Summer interns3

Summer interns made their mark

AbacusBio took on four interns over summer, with funding from Sexy Summer Jobs, the Dunedin City Council’s successful summer intern programme. The interns brought vitality to our team, coming from different backgrounds and working on diverse projects.

Jonathan Chuah (left) joined AbacusBio in September 2013 as an intern, while he completed a Bachelor of Science with Honours in Food Science at the University of Otago. After finishing his honours research project – investigating the effect of age and gender on fatty acid profiles of New Zealand grass-fed lamb – Jonathan began a full-time summer internship. Jonathan worked with AbacusBio consultants Anna Campbell and Grace Johnstone as part of the Grand Alliance and lamb meat quality projects. He reviewed literature associated with market trends, entry legislation, and food labelling regulations. Jonathan also undertook statistical analysis and wrote scientific reports on agricultural systems and meat quality. Originally from Singapore, Jonathan is enthusiastic about the study of food, having completed a Diploma in Applied Food Science and Nutrition back home prior to his study at Otago. Jonathan is continuing to work with AbacusBio, researching the technological aspects of producing value-added meat based products.

Gertje Petersen (second from left) joined AbacusBio over summer 2013/2014. Having recently graduated with a degree in Veterinary Medicine from the Freie Universität Berlin, she came to Dunedin to explore the opportunities within a pasture-based production system, completely different from the one back home. Gertje grew up in the far north of Germany, where her family farms span approximately 900 hectares, breeding German Angus, Dorper sheep and Norwegian Fjord horses. With both of her parents veterinarians themselves, she realized early on, that the full potential of a veterinary degree lies in its diversity. Her work over summer reflects this sentiment, as she worked on projects ranging from vaccination for reducing methane production, through honey bee breeding, to evaluation of genetic improvement programmes.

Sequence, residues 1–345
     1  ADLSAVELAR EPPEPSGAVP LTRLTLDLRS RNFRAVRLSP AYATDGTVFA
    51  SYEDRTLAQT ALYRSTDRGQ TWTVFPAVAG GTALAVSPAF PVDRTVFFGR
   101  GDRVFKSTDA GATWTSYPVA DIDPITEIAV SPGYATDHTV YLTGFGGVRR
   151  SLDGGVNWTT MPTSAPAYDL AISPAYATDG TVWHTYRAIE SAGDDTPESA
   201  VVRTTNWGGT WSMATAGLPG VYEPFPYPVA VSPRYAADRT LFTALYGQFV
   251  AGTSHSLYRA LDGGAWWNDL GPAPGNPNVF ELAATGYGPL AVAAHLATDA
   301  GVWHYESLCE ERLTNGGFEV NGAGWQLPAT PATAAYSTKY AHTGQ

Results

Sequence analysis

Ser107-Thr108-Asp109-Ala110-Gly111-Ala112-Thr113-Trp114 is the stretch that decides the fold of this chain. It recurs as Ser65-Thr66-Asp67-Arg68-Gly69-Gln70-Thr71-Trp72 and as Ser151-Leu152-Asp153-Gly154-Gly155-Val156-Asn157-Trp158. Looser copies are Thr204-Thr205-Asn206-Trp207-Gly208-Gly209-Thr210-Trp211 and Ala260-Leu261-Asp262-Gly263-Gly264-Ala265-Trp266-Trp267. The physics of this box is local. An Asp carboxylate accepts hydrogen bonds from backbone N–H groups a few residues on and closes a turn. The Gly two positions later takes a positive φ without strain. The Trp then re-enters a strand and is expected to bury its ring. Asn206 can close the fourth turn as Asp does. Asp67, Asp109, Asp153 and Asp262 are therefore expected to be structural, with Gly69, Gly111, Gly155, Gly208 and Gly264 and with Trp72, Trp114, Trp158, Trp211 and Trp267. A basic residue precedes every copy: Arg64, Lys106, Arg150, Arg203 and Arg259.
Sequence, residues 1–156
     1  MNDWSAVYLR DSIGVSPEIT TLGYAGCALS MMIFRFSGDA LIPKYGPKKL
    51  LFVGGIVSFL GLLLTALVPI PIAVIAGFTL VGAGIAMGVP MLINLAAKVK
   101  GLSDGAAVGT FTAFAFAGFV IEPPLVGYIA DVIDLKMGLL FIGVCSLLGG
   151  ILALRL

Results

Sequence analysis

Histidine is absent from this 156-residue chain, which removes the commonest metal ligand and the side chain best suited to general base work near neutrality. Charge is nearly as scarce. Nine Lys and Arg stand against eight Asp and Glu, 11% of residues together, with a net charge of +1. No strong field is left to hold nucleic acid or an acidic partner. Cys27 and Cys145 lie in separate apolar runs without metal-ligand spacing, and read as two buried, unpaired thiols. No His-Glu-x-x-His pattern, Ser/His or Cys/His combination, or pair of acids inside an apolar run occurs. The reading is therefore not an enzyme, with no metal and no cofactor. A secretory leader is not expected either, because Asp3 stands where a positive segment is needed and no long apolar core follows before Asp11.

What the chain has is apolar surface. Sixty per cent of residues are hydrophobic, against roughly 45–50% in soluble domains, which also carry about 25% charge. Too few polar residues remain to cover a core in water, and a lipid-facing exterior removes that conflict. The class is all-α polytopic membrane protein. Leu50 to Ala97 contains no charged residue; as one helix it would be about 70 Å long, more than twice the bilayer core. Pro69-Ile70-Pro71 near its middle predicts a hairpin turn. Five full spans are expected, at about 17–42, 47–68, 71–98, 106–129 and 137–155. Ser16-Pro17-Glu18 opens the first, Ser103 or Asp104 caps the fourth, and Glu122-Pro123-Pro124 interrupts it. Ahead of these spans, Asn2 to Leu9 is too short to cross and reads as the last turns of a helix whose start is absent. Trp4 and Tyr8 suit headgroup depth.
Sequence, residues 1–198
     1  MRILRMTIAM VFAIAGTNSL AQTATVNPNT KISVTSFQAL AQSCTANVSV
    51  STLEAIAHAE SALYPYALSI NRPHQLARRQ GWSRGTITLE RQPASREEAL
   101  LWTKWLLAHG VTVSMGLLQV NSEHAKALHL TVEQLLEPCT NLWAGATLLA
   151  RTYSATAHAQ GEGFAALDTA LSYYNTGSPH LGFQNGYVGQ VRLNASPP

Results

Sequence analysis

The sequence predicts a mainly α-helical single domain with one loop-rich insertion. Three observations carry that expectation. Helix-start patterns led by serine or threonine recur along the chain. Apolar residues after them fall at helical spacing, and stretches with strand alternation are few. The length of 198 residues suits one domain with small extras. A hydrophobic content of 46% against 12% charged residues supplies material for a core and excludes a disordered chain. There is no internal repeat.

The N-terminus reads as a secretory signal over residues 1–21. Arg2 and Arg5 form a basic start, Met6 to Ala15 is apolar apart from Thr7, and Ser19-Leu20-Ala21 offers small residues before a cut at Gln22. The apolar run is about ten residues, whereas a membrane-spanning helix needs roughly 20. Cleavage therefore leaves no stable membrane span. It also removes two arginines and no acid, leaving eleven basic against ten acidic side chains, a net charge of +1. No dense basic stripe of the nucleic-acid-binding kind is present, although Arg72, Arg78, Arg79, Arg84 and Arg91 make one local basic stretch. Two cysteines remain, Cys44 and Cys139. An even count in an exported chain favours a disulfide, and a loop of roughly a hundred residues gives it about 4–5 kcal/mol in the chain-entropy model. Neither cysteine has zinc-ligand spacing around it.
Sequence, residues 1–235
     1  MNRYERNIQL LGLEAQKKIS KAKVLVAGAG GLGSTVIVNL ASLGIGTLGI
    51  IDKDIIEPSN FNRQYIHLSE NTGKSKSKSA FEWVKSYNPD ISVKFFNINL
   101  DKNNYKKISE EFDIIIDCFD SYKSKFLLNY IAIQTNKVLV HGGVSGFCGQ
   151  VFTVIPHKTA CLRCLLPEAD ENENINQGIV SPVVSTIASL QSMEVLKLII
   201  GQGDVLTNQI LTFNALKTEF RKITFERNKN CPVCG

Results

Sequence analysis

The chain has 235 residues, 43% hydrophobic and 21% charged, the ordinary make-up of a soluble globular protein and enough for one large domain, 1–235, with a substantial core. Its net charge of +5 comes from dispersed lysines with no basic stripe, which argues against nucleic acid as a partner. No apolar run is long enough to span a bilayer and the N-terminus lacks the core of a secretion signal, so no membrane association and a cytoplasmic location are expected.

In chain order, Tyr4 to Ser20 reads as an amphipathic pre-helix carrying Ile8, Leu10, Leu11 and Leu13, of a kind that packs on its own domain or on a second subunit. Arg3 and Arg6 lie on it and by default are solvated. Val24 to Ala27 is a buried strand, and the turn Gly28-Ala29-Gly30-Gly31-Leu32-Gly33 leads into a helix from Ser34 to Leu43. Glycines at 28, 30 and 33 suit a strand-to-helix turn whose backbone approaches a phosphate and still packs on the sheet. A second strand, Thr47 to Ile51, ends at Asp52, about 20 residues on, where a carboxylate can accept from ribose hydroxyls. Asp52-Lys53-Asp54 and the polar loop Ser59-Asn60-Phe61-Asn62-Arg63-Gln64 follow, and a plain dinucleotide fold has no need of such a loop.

Sammy Wong (third from left) joined AbacusBio in November 2013 as an intern software developer, having completed and recently graduated with a Bachelor of Information Technology from Otago Polytechnic. Brought up on a market garden in South Otago, Sammy possesses a strong farming background, having worked on a dairy farm for a year before enrolling in the polytechnic’s BIT course. Sammy’s passion for agriculture has seen her working on the hoofprint application during her time at AbacusBio. Sammy has now been employed full-time by AbacusBio as a software developer, enhancing AbacusBio’s technology expertise. She is currently involved in several DairyNZ projects.

Daniel Murphy (right) joined AbacusBio in November 2013 as an intern software developer, while studying towards a Bachelor of Information Technology at Otago Polytechnic. Intrigued with the growing IT industry, Daniel enrolled in the BIT programme in 2011. At AbacusBio, Daniel worked closely with Mark Teviotdale on the hoofprint application, where he was mainly converting its programming language, updating report appearance, and improving the database to optimise speed. Daniel is currently in his final semester of the BIT programme and plans on heading to Melbourne when he finishes to kick-start his career in the IT industry.